test for correct operation of FindInternals with the following statement:

if E.EditSeg = 0 then
{Critical error, unknown BINED version} ;

The remaining BININT functions are intended for use within an event handler.
Each of them requires a parameter of type EdIntRec, previously initialized by
a call to FindInternals.

function CurrLineOfs(var E : EdIntRec) : Word;

This routine returns the byte offset within BinEd's text buffer of the first
character on the current line. For example, if the cursor is on the first
line of a text file, CurrLineOfs will return 0. If the first line has 10
characters (counting CR and LF), then CurrLineOfs will return 10 when the
cursor is on the second line of the file. When the cursor is moved to the
end of the file, CurrLineOfs returns the same value as EdData.EOtext. If the
EdIntRec was not correctly initialized, CurrLineOfs returns $FFFF.

Note that CurrLineOfs does not vary when the cursor is moved within a given
line. The LinePos function provides that information.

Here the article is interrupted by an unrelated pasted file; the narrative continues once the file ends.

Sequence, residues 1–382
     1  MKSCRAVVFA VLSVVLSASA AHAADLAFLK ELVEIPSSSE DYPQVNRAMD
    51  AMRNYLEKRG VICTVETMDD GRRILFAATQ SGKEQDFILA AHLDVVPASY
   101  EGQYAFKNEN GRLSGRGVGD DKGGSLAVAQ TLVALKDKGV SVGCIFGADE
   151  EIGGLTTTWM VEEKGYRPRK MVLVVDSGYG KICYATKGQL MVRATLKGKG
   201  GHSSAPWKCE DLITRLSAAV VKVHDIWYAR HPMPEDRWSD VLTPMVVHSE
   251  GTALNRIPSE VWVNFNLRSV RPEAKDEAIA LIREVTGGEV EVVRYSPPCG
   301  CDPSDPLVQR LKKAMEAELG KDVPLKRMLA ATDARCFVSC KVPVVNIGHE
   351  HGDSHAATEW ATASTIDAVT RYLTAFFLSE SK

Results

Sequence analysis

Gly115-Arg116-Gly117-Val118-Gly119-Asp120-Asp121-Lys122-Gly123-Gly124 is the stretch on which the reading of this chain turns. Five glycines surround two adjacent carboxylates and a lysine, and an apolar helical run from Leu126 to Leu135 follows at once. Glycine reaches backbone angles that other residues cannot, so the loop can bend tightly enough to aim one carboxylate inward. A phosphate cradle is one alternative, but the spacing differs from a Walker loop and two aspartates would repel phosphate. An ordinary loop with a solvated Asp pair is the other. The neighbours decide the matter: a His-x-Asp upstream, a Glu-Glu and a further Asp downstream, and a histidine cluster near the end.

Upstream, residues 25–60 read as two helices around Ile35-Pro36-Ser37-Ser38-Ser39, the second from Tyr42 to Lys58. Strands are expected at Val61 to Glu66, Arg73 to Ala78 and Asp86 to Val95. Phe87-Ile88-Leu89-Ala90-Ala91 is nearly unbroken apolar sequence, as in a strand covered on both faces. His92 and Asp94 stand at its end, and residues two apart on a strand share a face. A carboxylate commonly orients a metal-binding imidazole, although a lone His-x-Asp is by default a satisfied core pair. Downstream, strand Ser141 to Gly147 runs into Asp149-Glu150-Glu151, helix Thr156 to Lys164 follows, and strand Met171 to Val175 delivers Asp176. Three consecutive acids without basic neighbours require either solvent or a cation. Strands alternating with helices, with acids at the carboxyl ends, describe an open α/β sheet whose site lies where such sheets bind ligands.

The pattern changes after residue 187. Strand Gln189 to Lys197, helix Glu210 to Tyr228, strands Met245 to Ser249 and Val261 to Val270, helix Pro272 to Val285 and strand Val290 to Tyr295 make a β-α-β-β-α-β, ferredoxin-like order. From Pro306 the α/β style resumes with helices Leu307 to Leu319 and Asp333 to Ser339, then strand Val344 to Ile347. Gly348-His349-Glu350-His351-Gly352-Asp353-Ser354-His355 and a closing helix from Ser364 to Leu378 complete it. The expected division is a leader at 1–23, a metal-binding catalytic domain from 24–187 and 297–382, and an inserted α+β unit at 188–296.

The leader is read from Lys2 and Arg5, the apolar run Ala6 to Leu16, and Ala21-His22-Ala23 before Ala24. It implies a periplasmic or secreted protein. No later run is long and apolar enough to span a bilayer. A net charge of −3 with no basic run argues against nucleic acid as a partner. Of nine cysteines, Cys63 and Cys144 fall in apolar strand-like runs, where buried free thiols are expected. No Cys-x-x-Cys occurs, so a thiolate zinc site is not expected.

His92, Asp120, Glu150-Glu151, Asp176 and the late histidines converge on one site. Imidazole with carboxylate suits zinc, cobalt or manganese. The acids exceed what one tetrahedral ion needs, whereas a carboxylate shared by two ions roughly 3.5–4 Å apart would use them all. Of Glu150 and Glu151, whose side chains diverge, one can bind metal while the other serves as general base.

function CurrChar(var E : EdIntRec) : Char;

CurrChar returns the ASCII character associated with the current cursor
position in the file. If the cursor is beyond the end of the current line,
CurrChar returns a blank (#32). CurrChar will not return a CR (#13), LF
(#10), or EOF (#26) unless the text file is corrupt. If the EdIntRec was not
correctly initialized, CurrChar returns #255.

function LinePos(var E : EdIntRec) : Byte;

LinePos returns the position of the cursor in the current line. It returns 1
for the first character in the line. The highest value normally returned
will be 249. If the EdIntRec was not correctly initialized, LinePos returns
255.

Note that you can't add LinePos to CurrLineOfs and obtain an offset that
means anything. BINED copies the current line to a separate buffer for
editing and recopies it to the main text buffer only when the cursor leaves
the line. Hence, the contents of the text buffer beyond CurrLineOfs are not
guaranteed to be up to date. Use the CurrLine function to get the contents
of the current text line.

function LineLen(var E : EdIntRec) : Byte;

Returns the length of the current line. The length is defined as the number
of characters up to and including the last non-blank character in the line.
Note that the cursor is allowed to move beyond this position, and thus you
will have situations where LinePos > LineLen. If the EdIntRec was not
correctly initialized, LineLen returns 255.

function CurrLine(var E : EdIntRec) : string;

Returns the current text line as a string. There's no need to call LineLen
if you call CurrLine since the length of the returned string equals LineLen.
If the EdIntRec was not correctly initialized, CurrLine returns an empty
string.

function EditOptions(var E : EdIntRec) : Byte;